BBC News are reporting today on proposed changes to arrangements for adopting children in the UK, proposals which would allow prospective adopters to view the register of children awaiting adoption. The underlying intention is to speed up the adoption process so that children can be placed more quickly; there is not an underlying intention to allow adopters "choice" in the children they wish to adopt. But against the background of the impact of equalities legislation with regard to adoption of children by same sex couples - which was premised on the idea that approval for adoption was a service provided to the prospective adopters - one is entitled to wonder what the on-the-ground experience will turn out to be if these proposals go ahead.
Adoption is not the only context in which it is poignant to ask the question, on the eve of Christmas, as to whether or not the child is a commodity to be chosen or a gift to be received. Medical practices such as IVF treatments and direct abortion of children found in the womb to have a risk of being born with a disability convey the same question.
Is the Child a commodity to be chosen or a Gift to be received? Pope Benedict does not ask the question in these terms when, in the first chapter of his book on the Infancy Narratives he poses the question posed by Pilate in St John's Gospel: "Where are you from?" The answer to the question is both known - he is the son of the carpenter from Nazareth - and yet unknown - he speaks with an authority that comes from elsewhere. When the Church teaches that the office of parents with regard to the generation of new life is a participation in the creative work of God, the same can be said of any child. We do know where they come from - a mother and father can be identified. But at the same time their origin is hidden in that creative act of God.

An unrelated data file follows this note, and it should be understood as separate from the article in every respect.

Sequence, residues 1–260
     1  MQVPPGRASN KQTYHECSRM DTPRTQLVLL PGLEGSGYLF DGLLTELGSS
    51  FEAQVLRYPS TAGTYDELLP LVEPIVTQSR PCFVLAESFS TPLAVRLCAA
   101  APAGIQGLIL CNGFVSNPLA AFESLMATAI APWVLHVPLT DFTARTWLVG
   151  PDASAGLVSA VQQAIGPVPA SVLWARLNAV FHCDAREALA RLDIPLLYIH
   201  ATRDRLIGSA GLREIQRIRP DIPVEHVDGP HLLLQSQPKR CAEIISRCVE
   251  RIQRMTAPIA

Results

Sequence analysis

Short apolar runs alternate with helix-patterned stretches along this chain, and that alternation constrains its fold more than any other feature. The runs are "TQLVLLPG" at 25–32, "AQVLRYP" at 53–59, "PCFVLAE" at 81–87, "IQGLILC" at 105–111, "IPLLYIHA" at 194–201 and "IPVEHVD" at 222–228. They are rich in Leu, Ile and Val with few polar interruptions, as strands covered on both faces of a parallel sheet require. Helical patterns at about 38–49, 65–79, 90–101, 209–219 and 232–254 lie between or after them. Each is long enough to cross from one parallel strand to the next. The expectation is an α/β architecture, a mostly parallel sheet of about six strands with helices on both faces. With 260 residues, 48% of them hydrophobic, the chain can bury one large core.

For those baptised as Christians, this two-fold origin comes to its fulfilment. Pope Benedict ends his first chapter, referring to the prologue of the Gospel of St John:
... those who believe in Jesus enter through faith into Jesus' unique new origin, and they receive this origin as their own. In and of themselves, all those believers are initially "born of blood and of the will of man." But their faith gives them a new birth: they enter into the origin of Jesus Christ, which now becomes their own origin. From Christ, through faith in him, they are now born of God.I do not think a simply pietistic/emotional idea of the child as a gift received from God is a sufficient ground for a pastoral or prophetic mission to family life by the Church. If such an understanding of human origin is to be shared by others outside the Christian family (or even within it), remaining at that level is insufficient. The Christ-Child bears testimony to a supernatural destiny for every child, and some sense of that can be accessed outside of explicit religious belief. It is such a sense that can enable society to experience the child as a gift rather than a commodity to be chosen.
So John has recapitulated the deepest meaning of the genealogies [of the Synoptic Gospels], and moreover he has taught us to understand them as an interpretation of our own origin, our true "genealogy".